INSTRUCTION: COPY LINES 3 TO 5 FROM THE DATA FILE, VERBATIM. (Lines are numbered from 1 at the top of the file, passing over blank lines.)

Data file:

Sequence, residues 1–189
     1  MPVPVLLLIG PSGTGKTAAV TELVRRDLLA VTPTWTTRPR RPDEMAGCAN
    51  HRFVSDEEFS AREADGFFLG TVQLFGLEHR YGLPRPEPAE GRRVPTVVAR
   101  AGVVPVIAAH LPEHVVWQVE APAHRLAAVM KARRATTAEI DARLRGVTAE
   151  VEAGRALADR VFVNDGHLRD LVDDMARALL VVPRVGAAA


    51  HRFVSDEEFS AREADGFFLG TVQLFGLEHR YGLPRPEPAE GRRVPTVVAR
   101  AGVVPVIAAH LPEHVVWQVE APAHRLAAVM KARRATTAEI DARLRGVTAE
   151  VEAGRALADR VFVNDGHLRD LVDDMARALL VVPRVGAAA